The trial record contains statements from Joan which the eyewitnesses later said astonished the court, since she was an illiterate peasant and yet was able to evade the theological pitfalls which the tribunal set up to entrap her. The transcript’s most famous exchange is an exercise in subtlety. “Asked if she knew she was in God’s grace, she answered: ‘If I am not, may God put me there; and if I am, may God so keep me.'” The question is a scholarly trap. Church doctrine held that no one could be certain of being in God’s grace. If she had answered yes, then she would have been charged with heresy. If she had answered no, then she would have confessed her own guilt. Notary Boisguillaume later testified that at the moment the court heard this reply, “Those who were interrogating her were stupefied.”

Several court functionaries later testified that important portions of the transcript were altered in her disfavor. Under Inquisitorial guidelines, Joan should have been confined in an ecclesiastical prison under the supervision of female guards (i.e., nuns). Instead, the English kept her in a secular prison guarded by their own soldiers. Bishop Cauchon denied Joan’s appeals to the Council of Basel and the Pope, which should have stopped his proceeding.

ja2

The twelve articles of accusation which summarize the court’s finding contradict the already doctored court record. Joan was illiterate but signed an abjuration (acceptance of the court’s findings) she did not understand under threat of immediate execution. The court substituted a different abjuration in the official record. The critical problem for the court was that they had no hard evidence of heresy on Joan’s part and, besides, heresy was a capital crime only for a repeat offense. So a repeat offense of “cross-dressing” was now charged against her. Even this charge was problematic because Joan agreed to wear feminine clothing when she abjured.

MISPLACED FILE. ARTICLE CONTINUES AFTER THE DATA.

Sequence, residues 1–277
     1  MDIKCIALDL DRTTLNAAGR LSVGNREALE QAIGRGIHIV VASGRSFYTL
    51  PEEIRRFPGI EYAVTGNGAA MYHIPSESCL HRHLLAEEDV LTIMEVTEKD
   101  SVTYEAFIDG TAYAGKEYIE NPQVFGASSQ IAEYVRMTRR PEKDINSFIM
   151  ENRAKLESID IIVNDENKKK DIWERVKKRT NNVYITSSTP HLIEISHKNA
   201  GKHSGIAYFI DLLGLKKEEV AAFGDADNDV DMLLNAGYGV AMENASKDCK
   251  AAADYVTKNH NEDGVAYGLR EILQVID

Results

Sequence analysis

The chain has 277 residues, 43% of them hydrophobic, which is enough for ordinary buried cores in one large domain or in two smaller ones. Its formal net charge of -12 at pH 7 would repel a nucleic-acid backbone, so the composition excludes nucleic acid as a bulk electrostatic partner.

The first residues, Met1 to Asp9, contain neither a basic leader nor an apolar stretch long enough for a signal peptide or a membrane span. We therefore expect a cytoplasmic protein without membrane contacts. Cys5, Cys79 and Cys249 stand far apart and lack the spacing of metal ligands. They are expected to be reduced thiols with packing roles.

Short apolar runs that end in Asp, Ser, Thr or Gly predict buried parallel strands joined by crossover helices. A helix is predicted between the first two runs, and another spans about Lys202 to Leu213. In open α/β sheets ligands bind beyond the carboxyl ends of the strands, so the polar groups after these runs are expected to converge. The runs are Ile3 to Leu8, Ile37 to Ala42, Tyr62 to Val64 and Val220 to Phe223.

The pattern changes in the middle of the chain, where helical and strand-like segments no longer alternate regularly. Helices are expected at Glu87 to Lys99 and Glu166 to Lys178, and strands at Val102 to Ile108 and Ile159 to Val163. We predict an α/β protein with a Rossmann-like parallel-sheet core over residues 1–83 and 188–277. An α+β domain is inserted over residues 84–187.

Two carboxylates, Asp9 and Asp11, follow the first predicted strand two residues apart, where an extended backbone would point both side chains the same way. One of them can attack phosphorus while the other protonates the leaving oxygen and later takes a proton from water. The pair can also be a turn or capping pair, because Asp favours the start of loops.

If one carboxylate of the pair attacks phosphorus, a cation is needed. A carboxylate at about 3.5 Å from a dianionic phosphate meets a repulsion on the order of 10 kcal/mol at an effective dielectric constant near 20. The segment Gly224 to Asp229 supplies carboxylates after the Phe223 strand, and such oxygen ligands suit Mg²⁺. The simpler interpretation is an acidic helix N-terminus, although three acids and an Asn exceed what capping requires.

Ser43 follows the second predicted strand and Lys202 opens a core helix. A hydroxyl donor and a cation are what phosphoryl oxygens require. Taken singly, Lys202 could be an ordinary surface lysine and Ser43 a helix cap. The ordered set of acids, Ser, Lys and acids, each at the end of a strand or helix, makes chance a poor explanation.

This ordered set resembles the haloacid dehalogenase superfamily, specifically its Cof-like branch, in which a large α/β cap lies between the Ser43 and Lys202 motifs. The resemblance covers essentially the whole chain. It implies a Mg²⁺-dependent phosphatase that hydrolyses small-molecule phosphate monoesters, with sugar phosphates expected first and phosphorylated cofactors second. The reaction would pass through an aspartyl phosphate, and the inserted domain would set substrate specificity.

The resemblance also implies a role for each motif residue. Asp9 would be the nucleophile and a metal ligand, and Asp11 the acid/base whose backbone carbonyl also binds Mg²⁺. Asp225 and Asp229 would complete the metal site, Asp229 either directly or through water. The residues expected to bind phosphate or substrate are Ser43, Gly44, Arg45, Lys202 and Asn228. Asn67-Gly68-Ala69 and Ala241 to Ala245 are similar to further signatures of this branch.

According to the later descriptions of some of the tribunal members, she had previously been wearing male (i.e. military) clothing in prison because it gave her the ability to fasten her hosen, boots and tunic together into one piece, which deterred rape by making it difficult to pull her hosen off. A woman’s dress offered no such protection. A few days after adopting a dress, she told a tribunal member that “a great English lord had entered her prison and tried to take her by force. [i.e. rape her]” She resumed male clothes either as a defense against molestation or, in the testimony of Jean Massieu, because her dress had been taken by the guards and she was left with nothing else to wear.

ja1

Her resumption of male military clothing was labeled a relapse into heresy for cross-dressing, although this would later be disputed by the inquisitor who presided over the appeals court which examined the case after the war. Medieval Catholic doctrine held that cross-dressing should be evaluated based on context, as stated in the “Summa Theologica” by St. Thomas Aquinas, which says that necessity would be a permissible reason for cross-dressing. This would include the use of clothing as protection against rape if the clothing would offer protection. In terms of doctrine, she had been justified in disguising herself as a pageboy during her journey through enemy territory and she was justified in wearing armor during battle and protective clothing in camp and then in prison. The Chronique de la Pucelle states that it deterred molestation while she was camped in the field. When her soldier’s clothing wasn’t needed while on campaign, she was said to have gone back to wearing a dress. Clergy who later testified at the posthumous appellate trial affirmed that she continued to wear male clothing in prison to deter molestation and rape.